Everything I Know About Leadership I Learned Teaching 7th Grade Math
Bree Groff, Managing Director at NOBL NYC, shares her secrets for knowing your employees and enabling a team
When I tell people my first job out of school was a 7th grade math teacher, they usually cringe, either from the memories of middle school, or of math, or both. But I learned more about leadership in that first job than in many years since.
Don’t treat employees like errant children. In fact, don’t treat errant children like errant children.
I was in the middle of a lesson when I noticed John turning around to talk to his friend. A few other students noticed and started to chatter as well. My instinct was to restore control: “I want everyone’s attention now!” Some students simmered, but not John, and he turned around to finish his story. I decided to escalate. I became visibly angry, threatening the principal’s office. Not wanting to look uncool in front of his friends, John didn’t back down. The whole thing ended with me asking him to leave the classroom and holding back tears in the process. Not my finest moment.
Lesson 1: Foster respect. Compliance through force may have given me the hollow victory of getting kids to sit silently in chairs, but it didn’t mean they were learning. When a class is misbehaving, a new teacher will yell. An experienced teacher will whisper: students will get curious and quiet down to hear what you’re saying. A new teacher will say “Pay attention now!” An experienced teacher will say “Wrap up your discussion in the next 10 seconds.” Why? The experienced teacher believes his students want to pay attention, but understands that students don’t want to be rude to friends.
In all my time as an organizational and team designer, I have never met a person who didn’t want to do good work. Asked what they need to do better in their role, no one has ever answered “I need my manager to crack down on me.” It’s always “I’m not sure I have the right skills since my role changed last year,” or “I don’t think my manager appreciates my conflicting commitments with the other team I support.”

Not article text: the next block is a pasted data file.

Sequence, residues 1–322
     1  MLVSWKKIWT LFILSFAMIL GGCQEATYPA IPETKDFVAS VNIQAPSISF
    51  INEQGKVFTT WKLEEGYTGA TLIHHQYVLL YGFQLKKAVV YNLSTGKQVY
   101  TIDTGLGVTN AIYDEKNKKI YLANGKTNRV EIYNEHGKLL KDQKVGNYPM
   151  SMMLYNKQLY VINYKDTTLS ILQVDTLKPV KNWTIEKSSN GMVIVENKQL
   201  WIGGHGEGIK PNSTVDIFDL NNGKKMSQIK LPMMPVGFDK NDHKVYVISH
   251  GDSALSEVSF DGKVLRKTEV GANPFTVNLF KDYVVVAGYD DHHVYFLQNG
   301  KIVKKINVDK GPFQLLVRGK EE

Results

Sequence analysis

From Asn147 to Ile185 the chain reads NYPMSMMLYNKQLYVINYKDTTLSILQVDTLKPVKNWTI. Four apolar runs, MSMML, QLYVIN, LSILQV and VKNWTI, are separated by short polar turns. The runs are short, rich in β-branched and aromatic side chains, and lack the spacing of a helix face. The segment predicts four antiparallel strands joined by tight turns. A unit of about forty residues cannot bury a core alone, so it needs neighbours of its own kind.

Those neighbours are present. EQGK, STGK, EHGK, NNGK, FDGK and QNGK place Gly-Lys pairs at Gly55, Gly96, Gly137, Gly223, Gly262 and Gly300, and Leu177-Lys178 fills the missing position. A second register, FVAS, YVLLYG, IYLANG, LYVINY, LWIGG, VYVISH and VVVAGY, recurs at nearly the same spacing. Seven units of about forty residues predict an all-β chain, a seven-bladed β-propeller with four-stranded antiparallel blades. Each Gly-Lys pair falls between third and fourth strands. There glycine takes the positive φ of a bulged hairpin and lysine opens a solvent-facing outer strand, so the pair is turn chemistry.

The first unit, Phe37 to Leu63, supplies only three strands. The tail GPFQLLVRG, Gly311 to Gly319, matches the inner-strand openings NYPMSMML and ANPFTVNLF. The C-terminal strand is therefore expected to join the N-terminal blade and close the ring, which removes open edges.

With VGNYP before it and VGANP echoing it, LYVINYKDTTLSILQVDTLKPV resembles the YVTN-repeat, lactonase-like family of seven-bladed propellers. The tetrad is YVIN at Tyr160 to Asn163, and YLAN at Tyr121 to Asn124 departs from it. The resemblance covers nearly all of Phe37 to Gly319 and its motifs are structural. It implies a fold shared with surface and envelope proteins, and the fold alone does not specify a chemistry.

What leaders can do:
- Sit down with your direct reports and listen to their experience of work: what’s going well, where they’re getting stuck, and what they need. The meeting should last 90 minutes, and you should talk less than 20% of the time.
- Teach and model “Assume positive intent.” Instead of presuming your team member is skipping a meeting because she’s lazy, first consider that she may be double-booked, or think that she’s not needed—and then go ask her. And if you’re thinking to yourself, “That’s a nice thought, but you don’t know my people,” I’d argue the opportunity to know your people better lies with you.
Your job is not doing others’ jobs.
I was tutoring after school, and one student was struggling with a new skill—I couldn’t believe how many times I had explained it. I was about to take his pencil and show him, again, when I caught my mentor’s glance—a glance that said, “Back away from the pencil.” I took a breath and said, “Let’s try again. Tell me what you’re thinking for a first step.” I remembered that my job was not to solve trigonometry equations; it was to teach. Unless I wanted to make a career of solving for x, I needed to give the student a chance to learn.
Lesson 2: Encourage autonomy. The first line of a leader’s job description should be about growing the capabilities of his team. He should give away more and more authority as his team levels up their skills, until nearly all work is done by the team, and the leader is left to focus on providing the conditions for team members to do their best work. That is the job of a leader.
What leaders can do
- Create an approvals process for your team, writing down what team members should share with you for approval, and where they have autonomy to send things out the door on their own.
Inferences will fill a knowledge vacuum.